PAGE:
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Just Off-Camera

"They respect you if you write. The dumber the world gets, the more the words matter." -Dan Jenkins


Wednesday, August 18, 2004

A Farewell To Bristol

It's been nearly a month since I wrote here on the site, but I have a good excuse. I swear. I moved to California.

That's right. I no longer work at ESPN. Instead, come Monday, I'll be back in school, studying law at UCLA. With the move (obviously) come a few changes, but what it means for the site is that I no longer have the unique perspective of an ESPN employee. However, I do have the perspective of a former employee...

Seriously though, I'm going to keep on writing here, so I hope those of you who came to the site hoping for some insight on ESPN won't stop reading now that my vocation has changed.

A long-running joke among ESPN employees is that "Happiness is Bristol in the rear-view mirror," the implication being that Bristol is perhaps the most boring place in all of Connecticut, New England, or maybe even the entire East Coast. Admittedly, there were times when I bought into that.

Then I drove cross-country.

Bristol is a bustling metropolis compared to most of America. Desolation is a sign in the desert of southern Utah reading, "No services next 100 miles." Such a sign exists. There were times when I would stop for gas or lunch in towns, such as Beaver, Utah, whose populations couldn't have been half that of ESPN's Bristol work force.

I don't mean to single out Utah as the measuring stick by which Bristol looks good, though. At some point between Mile Run, Pennsylvania (near where there is a sign that says "Mile Run - 2 miles") and Pittsburgh, there's not much going on either. Ditto for the areas near Ogallala, Nebraska, or Fort Morgan, Colorado. My car's thermometer hit 117 degrees somewhere near the barren Arizona-Nevada state line. And Barstow, California will always be known as that town that's on I-15 between Vegas and L.A.

My route covered 2,991.7 miles over slightly more than 48 hours of driving time. I averaged about 61 mph during the trip, and went through about 105 gallons of gasoline. Fortunately, I won $55 at the blackjack table at New York New York to help cover that expense.

I left ESPN a little sad to be going away - after all, there aren't many jobs where a sports nerd like myself can fit in so well, let alone put random knowledge to use. I know my Criminal Law professor will never ask me when the last time a Yankees righty hit 40 homers in a season. I will miss ESPN, and I do hope that one day I'll be back.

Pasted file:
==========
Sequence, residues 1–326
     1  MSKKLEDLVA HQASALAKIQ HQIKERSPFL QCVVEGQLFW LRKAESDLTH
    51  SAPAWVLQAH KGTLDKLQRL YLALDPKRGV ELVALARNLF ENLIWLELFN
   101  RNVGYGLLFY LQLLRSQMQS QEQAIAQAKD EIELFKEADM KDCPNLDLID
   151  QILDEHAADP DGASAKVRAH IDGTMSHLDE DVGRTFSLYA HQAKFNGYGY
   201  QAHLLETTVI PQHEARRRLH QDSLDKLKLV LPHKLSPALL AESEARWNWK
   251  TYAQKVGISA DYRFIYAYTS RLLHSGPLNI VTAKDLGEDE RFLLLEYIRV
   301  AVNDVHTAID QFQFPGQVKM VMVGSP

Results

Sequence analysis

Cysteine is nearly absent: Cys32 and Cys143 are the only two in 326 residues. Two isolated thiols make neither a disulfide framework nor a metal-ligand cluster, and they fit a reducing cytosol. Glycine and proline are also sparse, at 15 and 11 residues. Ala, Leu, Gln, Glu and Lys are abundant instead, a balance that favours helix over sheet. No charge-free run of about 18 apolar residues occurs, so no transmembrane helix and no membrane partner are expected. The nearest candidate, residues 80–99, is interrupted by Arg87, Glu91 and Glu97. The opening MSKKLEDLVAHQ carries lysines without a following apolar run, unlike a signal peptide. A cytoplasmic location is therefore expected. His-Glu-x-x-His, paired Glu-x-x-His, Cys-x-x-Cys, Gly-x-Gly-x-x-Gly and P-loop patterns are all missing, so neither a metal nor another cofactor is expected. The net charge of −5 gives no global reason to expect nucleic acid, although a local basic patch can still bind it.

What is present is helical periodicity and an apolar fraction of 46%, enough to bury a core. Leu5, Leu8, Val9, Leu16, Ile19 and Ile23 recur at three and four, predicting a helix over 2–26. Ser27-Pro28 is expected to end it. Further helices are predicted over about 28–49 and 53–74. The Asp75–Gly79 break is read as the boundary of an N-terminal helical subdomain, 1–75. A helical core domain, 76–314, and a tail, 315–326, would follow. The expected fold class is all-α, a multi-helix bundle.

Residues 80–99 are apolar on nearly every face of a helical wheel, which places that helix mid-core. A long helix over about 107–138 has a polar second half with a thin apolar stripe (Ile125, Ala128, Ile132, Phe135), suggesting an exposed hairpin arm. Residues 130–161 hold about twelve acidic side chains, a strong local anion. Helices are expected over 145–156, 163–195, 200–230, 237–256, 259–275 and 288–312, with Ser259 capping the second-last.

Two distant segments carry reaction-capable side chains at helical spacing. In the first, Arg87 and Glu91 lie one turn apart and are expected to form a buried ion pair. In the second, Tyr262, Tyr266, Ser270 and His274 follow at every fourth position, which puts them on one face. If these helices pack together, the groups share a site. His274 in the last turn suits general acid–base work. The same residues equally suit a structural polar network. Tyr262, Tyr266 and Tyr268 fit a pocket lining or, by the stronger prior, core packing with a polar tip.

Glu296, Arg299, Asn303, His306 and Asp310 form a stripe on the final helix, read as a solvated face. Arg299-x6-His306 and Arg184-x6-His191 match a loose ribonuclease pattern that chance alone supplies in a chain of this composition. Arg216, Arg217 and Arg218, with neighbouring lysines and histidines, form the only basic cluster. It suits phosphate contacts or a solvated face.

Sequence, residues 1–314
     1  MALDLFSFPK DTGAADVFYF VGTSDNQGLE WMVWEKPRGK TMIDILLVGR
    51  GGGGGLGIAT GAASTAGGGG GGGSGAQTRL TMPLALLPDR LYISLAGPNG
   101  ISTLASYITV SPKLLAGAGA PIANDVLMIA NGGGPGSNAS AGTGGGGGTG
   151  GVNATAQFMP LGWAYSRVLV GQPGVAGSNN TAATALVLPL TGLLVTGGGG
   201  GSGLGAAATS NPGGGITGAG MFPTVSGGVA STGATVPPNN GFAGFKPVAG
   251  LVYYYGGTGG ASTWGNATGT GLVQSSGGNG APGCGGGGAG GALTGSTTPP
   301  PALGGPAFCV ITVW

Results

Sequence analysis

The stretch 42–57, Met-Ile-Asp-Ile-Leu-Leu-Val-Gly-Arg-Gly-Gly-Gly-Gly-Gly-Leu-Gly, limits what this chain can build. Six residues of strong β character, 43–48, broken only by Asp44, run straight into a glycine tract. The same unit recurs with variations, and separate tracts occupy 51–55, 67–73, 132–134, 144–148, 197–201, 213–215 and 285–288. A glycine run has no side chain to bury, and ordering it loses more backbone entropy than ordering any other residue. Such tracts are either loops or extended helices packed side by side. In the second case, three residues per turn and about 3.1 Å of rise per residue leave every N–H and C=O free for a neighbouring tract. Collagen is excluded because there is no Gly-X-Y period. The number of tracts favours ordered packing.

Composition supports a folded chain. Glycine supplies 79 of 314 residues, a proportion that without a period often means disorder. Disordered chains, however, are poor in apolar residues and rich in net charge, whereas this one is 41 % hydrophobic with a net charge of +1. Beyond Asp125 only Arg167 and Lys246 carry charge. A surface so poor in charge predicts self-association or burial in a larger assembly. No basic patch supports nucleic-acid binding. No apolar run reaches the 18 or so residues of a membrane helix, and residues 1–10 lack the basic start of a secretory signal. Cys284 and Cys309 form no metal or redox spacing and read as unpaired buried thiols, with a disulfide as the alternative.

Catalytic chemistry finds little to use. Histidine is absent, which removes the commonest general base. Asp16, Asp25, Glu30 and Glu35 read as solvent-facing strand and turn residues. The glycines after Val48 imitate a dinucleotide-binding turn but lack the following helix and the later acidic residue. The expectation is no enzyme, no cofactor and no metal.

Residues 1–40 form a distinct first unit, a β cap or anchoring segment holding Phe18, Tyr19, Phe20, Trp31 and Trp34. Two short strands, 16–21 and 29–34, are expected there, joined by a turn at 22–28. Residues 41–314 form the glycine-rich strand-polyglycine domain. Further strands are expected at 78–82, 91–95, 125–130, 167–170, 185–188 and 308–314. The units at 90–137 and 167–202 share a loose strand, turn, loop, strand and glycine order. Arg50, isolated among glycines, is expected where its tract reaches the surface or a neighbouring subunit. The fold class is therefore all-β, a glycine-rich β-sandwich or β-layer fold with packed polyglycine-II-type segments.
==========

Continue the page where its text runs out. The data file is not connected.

However, ESPN is fully aware of the unique quality and desirability of its jobs, and consequently pays accordingly. The show "Dream Job" might have been for an anchor position, but really, most sports fans would leap at the chance to work any job at ESPN, and management knows it. So while I loved what I did at ESPN, I didn't earn nearly enough to make a living.

Along my route from the Worldwide Leader to law school, I went from a place 50 miles from the Atlantic to one five from the Pacific. I saw the first of my high school friends get married (which really put my life change into perspective). I visited some old friends from college. I saw a minor league baseball game in which Pete Rose Jr. went 0-4 and only got the ball out of the infield once. I swam in the world's largest outdoor hot springs. I went to Venice, Rome, Paris, and New York, all in one night, in Las Vegas. I drove through cities, prairies, mountain ranges, and deserts. I passed through 13 states. In short, I had an experience everyone should have at least once in their life.

Now, I'm about to start law school, something that was just a speck of an idea to me a year ago, before I even started working at ESPN. I can't wait for the challenge, to try something new, to see if perhaps this is what I'm meant to do.

Perhaps it's hyperbole to compare myself with a paroled inmate, but I imagine I feel a lot like Andy Dufresne's friend Red did at the end of The Shawshank Redemption.

"Get busy livin', or get busy dyin'. That's goddamn right... I find I'm so excited I can barely sit still or hold a thought in my head. I think it's the excitement only a free man can feel - a free man at the start of a long journey whose conclusion is uncertain. I hope I can make it across the border. I hope to see my friend and shake his hand. I hope the Pacific is as blue as it has been in my dreams. I hope."

I also hope that you'll keep reading, as I plan to continue updating the now ill-named site, Just Off-Camera.

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